My point about SUV's was that they are "wants" not needs. Other transportation (safer transportation) can be used instead. My guns are for hunting and recreational shooting, as my post indicated my dogs are my primary protection for home. As for the correlation between banning one you must ban the other is illogical. My points were that guns are emotion, that is why they get the attention they do. In reality, there are much more prevelant ways to kill or be killed that don't get nearly the attention because we accept them as a society. SUVs are just part of everyday life, we don't think how much more dangerous these monster vehicles are or how much more danger they place other drivers in. Statistically, and I know we can find statistics for anything, you are more likely to be killed by an SUV than a gun and guns are much more prevelant.

Now I'm not advocating banning SUVs, I'm just saying lets look at this from a rational stand point. If you want to control items that are dangerous (and I'm not talking about the lets ban baseball bats, etc), lets look at the really dangerous items. Accidents for automobiles declined in 2004 yet SUV accidents increased. Now there are more SUVs on the road, but I have to believe it has a lot to do with the feeling of power that comes from driving one of these vehicles. For me to carry a dangerous weapon (gun) I have to attend special training, for you to drive an SUV there is no additional training.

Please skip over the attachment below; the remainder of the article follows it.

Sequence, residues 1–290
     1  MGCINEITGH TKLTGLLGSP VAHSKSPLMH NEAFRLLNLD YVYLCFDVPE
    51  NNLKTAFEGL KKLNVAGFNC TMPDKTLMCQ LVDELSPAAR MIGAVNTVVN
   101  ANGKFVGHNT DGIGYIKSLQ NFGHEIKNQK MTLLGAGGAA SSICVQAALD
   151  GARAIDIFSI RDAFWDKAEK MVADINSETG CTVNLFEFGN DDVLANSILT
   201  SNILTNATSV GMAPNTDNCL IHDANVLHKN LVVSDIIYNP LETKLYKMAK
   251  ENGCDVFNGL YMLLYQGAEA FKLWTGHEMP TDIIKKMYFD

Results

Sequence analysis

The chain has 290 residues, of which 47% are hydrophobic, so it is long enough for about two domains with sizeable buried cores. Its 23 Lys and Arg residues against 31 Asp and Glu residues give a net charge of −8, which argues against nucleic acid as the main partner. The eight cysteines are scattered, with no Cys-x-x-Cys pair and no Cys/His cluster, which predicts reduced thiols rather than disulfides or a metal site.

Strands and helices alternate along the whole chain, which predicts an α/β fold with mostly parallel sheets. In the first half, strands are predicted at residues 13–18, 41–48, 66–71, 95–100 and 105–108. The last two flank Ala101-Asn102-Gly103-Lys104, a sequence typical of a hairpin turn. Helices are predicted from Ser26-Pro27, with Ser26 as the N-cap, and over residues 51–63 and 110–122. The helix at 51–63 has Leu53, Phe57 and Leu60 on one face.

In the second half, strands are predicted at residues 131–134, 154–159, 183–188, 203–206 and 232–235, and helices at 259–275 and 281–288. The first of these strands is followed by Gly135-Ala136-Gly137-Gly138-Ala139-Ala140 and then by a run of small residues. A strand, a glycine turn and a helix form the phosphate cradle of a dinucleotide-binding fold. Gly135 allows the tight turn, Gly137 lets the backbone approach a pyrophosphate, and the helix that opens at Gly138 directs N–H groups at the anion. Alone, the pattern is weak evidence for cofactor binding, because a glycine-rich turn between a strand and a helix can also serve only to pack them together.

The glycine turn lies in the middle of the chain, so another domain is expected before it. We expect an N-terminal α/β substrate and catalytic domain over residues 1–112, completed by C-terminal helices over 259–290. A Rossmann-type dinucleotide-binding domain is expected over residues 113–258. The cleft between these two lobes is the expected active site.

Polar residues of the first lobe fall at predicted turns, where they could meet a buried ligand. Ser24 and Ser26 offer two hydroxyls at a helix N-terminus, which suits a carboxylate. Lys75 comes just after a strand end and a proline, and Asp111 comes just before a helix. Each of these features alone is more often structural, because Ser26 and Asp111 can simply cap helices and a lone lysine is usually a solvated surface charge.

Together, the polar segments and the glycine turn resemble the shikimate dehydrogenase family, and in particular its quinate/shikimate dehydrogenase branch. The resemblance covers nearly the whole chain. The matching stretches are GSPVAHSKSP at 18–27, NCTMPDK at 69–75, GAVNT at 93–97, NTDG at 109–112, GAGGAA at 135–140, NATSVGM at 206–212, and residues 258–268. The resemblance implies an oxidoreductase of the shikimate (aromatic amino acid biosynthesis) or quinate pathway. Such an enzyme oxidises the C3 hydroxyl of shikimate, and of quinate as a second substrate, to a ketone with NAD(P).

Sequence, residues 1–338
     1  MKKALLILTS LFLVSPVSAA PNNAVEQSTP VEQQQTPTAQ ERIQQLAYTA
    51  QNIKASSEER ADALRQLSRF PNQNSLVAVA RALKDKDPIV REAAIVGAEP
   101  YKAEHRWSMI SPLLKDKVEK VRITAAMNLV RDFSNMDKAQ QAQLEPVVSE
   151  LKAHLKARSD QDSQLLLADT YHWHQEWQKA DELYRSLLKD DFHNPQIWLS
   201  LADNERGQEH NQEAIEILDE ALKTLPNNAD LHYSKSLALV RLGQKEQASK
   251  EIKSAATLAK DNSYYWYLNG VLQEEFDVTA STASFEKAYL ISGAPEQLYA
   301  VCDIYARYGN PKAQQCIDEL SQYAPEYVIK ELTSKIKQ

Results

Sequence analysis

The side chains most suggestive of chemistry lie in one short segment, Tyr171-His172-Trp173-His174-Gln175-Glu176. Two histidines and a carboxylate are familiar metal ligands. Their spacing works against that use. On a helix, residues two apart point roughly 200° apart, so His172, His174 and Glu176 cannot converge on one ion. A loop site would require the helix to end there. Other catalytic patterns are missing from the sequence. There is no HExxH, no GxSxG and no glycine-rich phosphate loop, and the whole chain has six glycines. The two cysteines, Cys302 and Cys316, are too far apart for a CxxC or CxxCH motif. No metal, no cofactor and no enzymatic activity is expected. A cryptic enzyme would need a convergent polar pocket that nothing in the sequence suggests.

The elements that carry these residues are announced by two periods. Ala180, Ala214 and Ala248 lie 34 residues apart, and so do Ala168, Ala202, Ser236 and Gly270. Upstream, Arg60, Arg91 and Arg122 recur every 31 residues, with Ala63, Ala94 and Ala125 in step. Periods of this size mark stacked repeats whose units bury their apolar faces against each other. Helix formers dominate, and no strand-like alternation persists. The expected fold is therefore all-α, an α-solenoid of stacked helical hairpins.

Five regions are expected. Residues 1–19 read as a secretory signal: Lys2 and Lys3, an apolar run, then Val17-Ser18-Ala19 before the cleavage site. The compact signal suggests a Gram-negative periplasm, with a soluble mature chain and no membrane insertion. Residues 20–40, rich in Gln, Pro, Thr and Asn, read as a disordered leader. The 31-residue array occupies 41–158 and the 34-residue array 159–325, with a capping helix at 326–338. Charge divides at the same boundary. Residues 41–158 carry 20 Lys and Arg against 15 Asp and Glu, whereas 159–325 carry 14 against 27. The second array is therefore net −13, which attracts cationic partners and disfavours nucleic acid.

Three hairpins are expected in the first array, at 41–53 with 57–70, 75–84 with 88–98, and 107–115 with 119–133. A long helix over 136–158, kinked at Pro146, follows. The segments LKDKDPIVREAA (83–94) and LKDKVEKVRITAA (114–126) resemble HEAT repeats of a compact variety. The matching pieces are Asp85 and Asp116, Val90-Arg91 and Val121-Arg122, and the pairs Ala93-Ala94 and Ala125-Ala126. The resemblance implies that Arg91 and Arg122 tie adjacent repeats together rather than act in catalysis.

James Davis
04-21-2005, 11:32 AM
hello, all. try doing a google search for "police protection". the fourth site down has some past court cases that are pretty scary. I know it starts with "taking on gun control", but don't ignore it. we need to know this stuff!

dan guthrie
04-22-2005, 12:12 AM
This link

http://www.press.uchicago.edu/Misc/Chicago/493636.html

gives a good thumbnail sketch of the statistical argument favoring concealed weapons permits. It seems counterintuitive but so does the idea that the places with strict gun laws have more crime than places with lax gun laws.